Interview with ‘Media Lux’ Artist Irene PantelisPosted: May 2, 2018
This is the third installment of the Media Lux artist interview series. Media Lux features work by Clay Dunklin, Mason Hurley, Irene Pantelis, Monroe Isenberg, and Gina Takaoka.
Irene Pantelis | Graduate Student and Artist | Exhibiting in Media Lux from April 2nd through May 19th, 2018 at The Stamp Gallery | University of Maryland, College Park | Interview by Kat Mullineaux
Khipu Reiterations 2018, Ink, Watercolor, oil paint on mylar, overhead projectors
Khipu (String and knot record) 2018, Polylactic acid filament
KM: Before we talk about your pieces in MEDIA LUX, I am wondering about your journey to this point. Where did you do your undergraduate study and what lead you to the MFA program here at the University of Maryland?
IP: I was an undergraduate here at UMCP back in the early nineties, majoring in Spanish and English. My path to the MFA was a bit of a long one. After college, I went to Georgetown Law and became a labor lawyer for about ten years. During that time, I was an artist on the side, going to lots of exhibits, traveling to see art abroad, taking classes at the Corcoran, and participating in weekly figure drawing sessions at the studio of local artist Micheline Klagsbrun. When my children were born, I decided to quit law and stay home with them. My art became more expressive and much more abstracted. As the years went on, as scary and crazy as it seemed, I decided not to go back to my legal career and take a leap into becoming a full-time artist instead. I came back to UMCP initially to take undergraduate courses, especially in digital art, but soon realized that my quest would really benefit from an MFA. I chose to do it here at UMCP because the program is very flexible and interdisciplinary, allowing for lots of experimentation.
KM: This is your second year of the program and now that you have reached the midpoint of your MFA journey, I am curious about where you and your work has evolved from–and where you see yourself going in the future. Has your work shifted from your first year in the program to the works you have currently in MEDIA LUX? If yes, how so?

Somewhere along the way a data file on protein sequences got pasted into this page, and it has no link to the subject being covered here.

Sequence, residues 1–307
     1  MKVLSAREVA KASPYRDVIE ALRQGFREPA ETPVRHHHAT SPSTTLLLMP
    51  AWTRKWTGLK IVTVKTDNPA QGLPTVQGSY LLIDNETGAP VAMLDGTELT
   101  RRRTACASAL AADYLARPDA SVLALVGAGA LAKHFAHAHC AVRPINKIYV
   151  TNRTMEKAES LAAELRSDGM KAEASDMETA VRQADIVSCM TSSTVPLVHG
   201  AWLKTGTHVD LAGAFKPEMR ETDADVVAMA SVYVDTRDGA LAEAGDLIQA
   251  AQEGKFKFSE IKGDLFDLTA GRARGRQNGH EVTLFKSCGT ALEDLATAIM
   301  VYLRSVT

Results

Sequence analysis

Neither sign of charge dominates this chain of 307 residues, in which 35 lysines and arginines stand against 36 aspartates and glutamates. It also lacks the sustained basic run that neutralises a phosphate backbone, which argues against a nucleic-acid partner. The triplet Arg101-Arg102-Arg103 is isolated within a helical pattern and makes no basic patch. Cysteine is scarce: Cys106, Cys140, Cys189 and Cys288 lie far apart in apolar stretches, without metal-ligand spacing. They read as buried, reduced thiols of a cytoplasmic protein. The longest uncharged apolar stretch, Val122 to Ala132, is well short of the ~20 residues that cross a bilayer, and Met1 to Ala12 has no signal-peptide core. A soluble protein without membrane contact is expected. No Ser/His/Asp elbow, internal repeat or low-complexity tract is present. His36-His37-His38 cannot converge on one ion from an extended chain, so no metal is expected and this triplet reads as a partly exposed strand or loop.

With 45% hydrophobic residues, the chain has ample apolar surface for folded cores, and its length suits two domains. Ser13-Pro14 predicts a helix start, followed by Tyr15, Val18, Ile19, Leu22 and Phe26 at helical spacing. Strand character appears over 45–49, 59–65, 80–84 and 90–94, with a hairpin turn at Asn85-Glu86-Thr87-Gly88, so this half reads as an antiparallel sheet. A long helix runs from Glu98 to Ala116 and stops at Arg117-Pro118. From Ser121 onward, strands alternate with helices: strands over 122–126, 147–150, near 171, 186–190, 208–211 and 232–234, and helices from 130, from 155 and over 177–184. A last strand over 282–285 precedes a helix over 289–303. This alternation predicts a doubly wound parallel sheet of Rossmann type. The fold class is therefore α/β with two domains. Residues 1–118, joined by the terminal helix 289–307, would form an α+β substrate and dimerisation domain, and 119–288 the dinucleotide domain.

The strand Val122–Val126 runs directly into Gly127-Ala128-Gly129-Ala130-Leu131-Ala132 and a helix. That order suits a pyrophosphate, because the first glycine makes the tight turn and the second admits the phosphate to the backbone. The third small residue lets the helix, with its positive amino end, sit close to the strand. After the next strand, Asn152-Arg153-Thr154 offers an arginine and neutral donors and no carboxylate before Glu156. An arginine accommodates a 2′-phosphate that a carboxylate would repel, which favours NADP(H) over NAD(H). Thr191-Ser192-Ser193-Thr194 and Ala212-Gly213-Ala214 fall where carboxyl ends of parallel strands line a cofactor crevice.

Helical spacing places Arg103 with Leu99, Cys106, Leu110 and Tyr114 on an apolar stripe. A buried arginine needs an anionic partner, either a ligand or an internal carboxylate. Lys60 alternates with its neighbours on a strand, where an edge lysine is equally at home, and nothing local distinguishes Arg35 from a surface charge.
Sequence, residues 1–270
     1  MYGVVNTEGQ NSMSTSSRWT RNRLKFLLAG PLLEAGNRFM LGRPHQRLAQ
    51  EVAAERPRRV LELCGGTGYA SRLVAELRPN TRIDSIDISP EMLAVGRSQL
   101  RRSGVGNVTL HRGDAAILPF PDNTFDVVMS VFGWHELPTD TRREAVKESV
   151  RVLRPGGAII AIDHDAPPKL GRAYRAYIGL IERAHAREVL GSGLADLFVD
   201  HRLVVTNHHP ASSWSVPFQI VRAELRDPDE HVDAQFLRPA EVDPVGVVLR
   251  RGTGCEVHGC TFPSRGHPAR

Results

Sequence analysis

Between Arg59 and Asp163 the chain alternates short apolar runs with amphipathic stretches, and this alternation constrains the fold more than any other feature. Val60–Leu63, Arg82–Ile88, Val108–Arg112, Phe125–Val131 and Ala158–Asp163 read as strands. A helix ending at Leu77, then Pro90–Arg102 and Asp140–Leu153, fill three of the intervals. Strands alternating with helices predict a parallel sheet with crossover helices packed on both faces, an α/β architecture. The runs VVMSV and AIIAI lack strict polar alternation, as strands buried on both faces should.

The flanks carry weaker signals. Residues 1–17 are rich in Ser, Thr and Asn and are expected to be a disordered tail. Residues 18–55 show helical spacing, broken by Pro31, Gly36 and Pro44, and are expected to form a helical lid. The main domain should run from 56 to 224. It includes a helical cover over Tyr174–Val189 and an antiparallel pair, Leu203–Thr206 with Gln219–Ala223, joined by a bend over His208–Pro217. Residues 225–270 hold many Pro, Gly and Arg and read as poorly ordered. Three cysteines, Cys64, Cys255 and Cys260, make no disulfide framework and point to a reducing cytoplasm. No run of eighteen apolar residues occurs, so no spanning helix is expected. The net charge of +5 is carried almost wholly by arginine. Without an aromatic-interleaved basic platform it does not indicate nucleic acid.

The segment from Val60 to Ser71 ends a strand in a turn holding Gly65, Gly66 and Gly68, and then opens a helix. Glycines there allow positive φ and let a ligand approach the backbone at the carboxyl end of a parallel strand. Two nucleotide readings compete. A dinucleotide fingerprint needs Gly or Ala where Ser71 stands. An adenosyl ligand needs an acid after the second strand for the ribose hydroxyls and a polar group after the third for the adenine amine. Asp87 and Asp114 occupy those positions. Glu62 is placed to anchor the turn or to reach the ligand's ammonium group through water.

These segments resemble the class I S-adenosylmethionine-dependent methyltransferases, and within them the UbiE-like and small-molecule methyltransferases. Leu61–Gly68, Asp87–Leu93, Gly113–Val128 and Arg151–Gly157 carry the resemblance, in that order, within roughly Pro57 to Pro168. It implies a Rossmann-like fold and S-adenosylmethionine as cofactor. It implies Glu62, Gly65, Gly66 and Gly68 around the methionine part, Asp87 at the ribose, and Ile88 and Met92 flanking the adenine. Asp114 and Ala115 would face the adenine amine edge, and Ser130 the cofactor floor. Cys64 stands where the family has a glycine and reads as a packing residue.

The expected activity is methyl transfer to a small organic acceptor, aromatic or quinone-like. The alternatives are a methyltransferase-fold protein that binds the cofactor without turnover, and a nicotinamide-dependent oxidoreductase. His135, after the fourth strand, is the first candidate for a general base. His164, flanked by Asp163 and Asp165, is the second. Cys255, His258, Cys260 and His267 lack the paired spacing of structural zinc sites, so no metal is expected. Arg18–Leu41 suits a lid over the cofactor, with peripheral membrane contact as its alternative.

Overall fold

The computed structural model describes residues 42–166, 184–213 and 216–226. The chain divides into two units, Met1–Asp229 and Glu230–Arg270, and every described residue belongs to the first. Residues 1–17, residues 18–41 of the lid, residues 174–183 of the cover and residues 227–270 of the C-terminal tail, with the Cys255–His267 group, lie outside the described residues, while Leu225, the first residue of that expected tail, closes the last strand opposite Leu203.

IP: My work has definitely evolved since I started the MFA program. Some things remain constant, like the use of grids and organic shapes, the interest in ambiguity and hybrid, and the repetition of marks and textures. My prior work was about the process and the aesthetics of the materials, hinting at broad and hard to pinpoint concepts. The MFA has made me think harder and deeper about what the work means or conveys. It has also made me strive harder to find innovative and effective ways to create work that resonates with me but might be relevant to others. The works I have in MEDIA LUX are part of a series where for the first time I am using abstraction to explore a specific narrative or history.
KM: So,I have been staring at your pieces Khipu Reiterations and Khipu (string and knot record) for a couple weeks now from the docent desk in the Stamp Gallery. It has prompted me to Google questions about Inca culture, where you buy 3D pens, when did overhead projectors decline in use anyway–and so many more. One thing that I see as tying the two sets of pieces together is the presence of Khipu knots. Upon my own limited research, I have read that these knotted ropes/strings were used in Inca and Andean cultures to keep track of things, whether that be money, marriages or whatever. I wonder, can you say something on where your inspiration to work with these knots came from and what they mean–to you or in general?
IP: To me, a khipu is one of the most beautiful types of grids out there. Khipus blend reason with craftsmanship in a unique way. The Incas, or more properly, the Quetchuas, made khipus by tying many strings in parallel fashion to a longer, larger rope. The strings were then tied into knots, aligned horizontally. Each decimal number had its own kind of knot. The knots, the spacing and hues of the strings, and the direction in which they were spun recorded numerical data, such as zip codes and population numbers, but also mathematical and algebraic transactions on a decimal system. At the same time, the khipus were used as nemonic devices to pass down oral narratives and traditions. During the years of the Inca Empire, in the absence of the written word, the Quetchuas, who still live in the region and number about 8 million, used the khipus as part of their governance. The Spaniards burned most of the khipus in the early settlement years, so only about 600 of them survived, found in collections worldwide. The Spaniards left lots of drawings and chronicles of them, but the khipu code has not been fully decoded. Their information is still veiled and mysterious, though clearly about data and narratives that are interconnected. One of the features I love about the khipus is that most string break into several smaller ones, which in turn break down further, creating a hierarchy that visually resembles a flow chart or family tree, but also the branching of trees, the spreading of roots, the formation of rivers, and, for the Quetchuas, a corn plant. Grids have always been a key component of my images, so it was kind of natural for me to be drawn to the khipus. They are a part of my past, being from Bolivia and having a Quetchua grandmother who died when my father was still a child.